Risk Preferences, Compensation Risk, and Employee Outcomes
Fidan Ana Kurtulus
University of Massachusetts Amherst
Douglas L. Kruse
Rutgers School of Management and Labor Relations - New Brunswick
September 24, 2010
Annual LERA Research Volume: Employee Ownership and Shared Capitalism: New Directions and Debates for the 21st Century, Cornell University ILR Press, 2011
We use the NBER Shared Capitalism Database comprised of more than 40,000 employee surveys from 14 firms to explore whether a close match between workers’ risk preferences and the riskiness of their compensation packages relates to improved employee outcomes including lower absenteeism, lower shirking, lower probability of voluntary turnover, greater worker motivation, and higher levels of job satisfaction and loyalty. To do this, we use survey questions reflecting workers’ risk aversion parameters, coupled with a series of measures of the riskiness of workers’ compensation packages including the proportion of pay comprised of various forms of shared capitalism such as profit and gain sharing, ownership of company stock, and bonus arrangements. The primary finding of our paper is that a match between the workers’ risk preferences and the extent of risk in their compensation increases workers’ motivation, job satisfaction, company attachment, and loyalty, but risk-averse workers are generally less responsive to a preference-compensation match than risk-loving workers.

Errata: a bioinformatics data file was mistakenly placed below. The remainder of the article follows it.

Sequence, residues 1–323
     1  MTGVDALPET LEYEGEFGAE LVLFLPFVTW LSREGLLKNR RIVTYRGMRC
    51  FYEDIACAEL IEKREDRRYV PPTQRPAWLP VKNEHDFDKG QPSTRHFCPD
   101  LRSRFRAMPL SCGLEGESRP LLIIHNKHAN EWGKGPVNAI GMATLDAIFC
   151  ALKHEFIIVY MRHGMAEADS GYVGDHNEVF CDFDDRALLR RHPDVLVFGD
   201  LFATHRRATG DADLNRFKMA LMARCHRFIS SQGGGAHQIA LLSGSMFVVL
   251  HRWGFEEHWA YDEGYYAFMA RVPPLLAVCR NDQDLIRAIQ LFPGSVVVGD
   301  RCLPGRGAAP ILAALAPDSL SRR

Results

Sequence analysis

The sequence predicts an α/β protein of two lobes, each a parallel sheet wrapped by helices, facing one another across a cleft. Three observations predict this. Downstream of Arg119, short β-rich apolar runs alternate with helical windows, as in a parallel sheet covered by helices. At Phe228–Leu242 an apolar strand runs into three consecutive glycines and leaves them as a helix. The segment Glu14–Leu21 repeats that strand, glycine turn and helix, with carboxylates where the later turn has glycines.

Number of Pages in PDF File: 31
Keywords: Employee Ownership, Risk Aversion, Profit Sharing, Stock, Bonus
JEL Classification: J54, J33, M52
Date posted: March 14, 2012
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